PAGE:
The above description clearly reveals that the building was a bathhouse, an important adjunct to the residential buildings of the Mughal period. This building compares well with a similar hammam khana built probably by ‘some Nawab’ in the 17th century, wrongly called Habshi khana, at Iswaripur in Sathkhira Sub-division. Still it resembles another hammam khana at Jahazghata, some ten kilometers away from Ishwaripur.

3.1.4 Katras

Katra has possibly been originated from the Arabic word katrar or katara. Katara means a building having arches. In Arabic and Persian literature it has been called karwan sarai (Anglicised as caravansarai or simply sarai). The earliest reference of a monumental karwan sarai in Islamic architecture is to be found near Qasr al-Gharbi in-Syria built by Khalifa Hisham. Building of karwan sarai was regarded as a virtuous


act, and as such many sarai-khanas were reported to have been built by benevolent rulers on the sides of trade routes. A karwan sarai would generally have a courtyard. An arched verandah would surround the courtyard and beyond the verandah would be the rooms where the travellers and merchants took shelter on their way from one place to another; The beasts of burden like horses and camels with carts and other articles necessary for a journey were kept in the courtyard. It is assumed that there were a number of sarais along the trade routes in India including Bengal during the Sultanate and Mughal periods.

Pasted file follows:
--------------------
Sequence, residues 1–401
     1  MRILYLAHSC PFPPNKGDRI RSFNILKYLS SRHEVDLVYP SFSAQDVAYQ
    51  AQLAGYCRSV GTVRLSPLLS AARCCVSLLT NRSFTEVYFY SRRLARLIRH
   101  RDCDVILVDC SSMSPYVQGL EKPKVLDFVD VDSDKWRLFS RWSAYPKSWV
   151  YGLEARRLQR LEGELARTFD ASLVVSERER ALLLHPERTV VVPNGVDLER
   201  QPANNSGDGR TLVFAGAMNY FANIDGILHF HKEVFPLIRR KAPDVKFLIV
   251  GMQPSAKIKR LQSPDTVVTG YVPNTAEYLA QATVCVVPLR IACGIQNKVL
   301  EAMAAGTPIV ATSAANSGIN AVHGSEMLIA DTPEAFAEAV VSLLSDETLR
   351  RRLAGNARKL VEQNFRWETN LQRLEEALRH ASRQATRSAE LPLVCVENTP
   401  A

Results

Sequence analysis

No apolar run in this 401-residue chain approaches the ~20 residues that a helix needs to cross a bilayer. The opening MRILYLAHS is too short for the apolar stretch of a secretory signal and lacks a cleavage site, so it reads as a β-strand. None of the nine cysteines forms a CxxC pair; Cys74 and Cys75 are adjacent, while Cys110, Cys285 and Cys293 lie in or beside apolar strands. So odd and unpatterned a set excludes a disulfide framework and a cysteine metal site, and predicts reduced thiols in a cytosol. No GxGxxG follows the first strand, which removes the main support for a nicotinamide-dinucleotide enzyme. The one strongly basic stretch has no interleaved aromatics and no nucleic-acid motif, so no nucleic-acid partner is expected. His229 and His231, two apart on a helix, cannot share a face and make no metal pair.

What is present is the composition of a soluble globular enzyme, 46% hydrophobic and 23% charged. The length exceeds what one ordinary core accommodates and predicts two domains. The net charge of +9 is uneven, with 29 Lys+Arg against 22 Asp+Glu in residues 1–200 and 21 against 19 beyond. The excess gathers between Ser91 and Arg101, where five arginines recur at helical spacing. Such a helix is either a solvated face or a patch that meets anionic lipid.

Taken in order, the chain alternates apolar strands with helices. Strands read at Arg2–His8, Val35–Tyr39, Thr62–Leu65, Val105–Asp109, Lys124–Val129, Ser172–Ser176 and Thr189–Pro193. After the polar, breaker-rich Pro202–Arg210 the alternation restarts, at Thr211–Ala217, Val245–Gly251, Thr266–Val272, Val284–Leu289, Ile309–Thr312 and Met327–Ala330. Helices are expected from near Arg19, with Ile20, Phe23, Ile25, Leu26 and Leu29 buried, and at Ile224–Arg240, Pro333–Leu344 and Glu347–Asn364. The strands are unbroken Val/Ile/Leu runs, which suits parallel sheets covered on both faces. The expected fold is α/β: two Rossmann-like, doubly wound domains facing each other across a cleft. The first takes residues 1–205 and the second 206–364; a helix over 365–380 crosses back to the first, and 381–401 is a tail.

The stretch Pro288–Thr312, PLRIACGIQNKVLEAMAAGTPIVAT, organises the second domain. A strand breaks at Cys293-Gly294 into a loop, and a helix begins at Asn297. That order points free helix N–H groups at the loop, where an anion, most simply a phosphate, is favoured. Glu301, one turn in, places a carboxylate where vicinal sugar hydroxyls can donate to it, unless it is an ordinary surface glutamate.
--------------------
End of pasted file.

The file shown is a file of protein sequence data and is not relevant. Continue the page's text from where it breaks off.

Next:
In a katra there was arrangement for sleeping rooms, of kitchen, dining space, lavatories, mosque and even hospital for the inmates. Although at the beginning katras were built for travellers and merchants it appears that at one time they also served the purpose of temporary residence for the rulers with accessory defensive arrangements thereby regarding by some as ‘a fort building’. A large number of their existence at one time in Dhaka suggest that they were reduced to boarding houses and market places built both by public and private initiatives. In cases waqf estates at private and public initiatives were also created for the maintenance and smooth running of a sarai khana. Two katras built at Dhaka by the Mughals deserve special mention. They are the Bara Katra and the Chhota Katra, the two of the grandest Mughal manuments still survive in parts.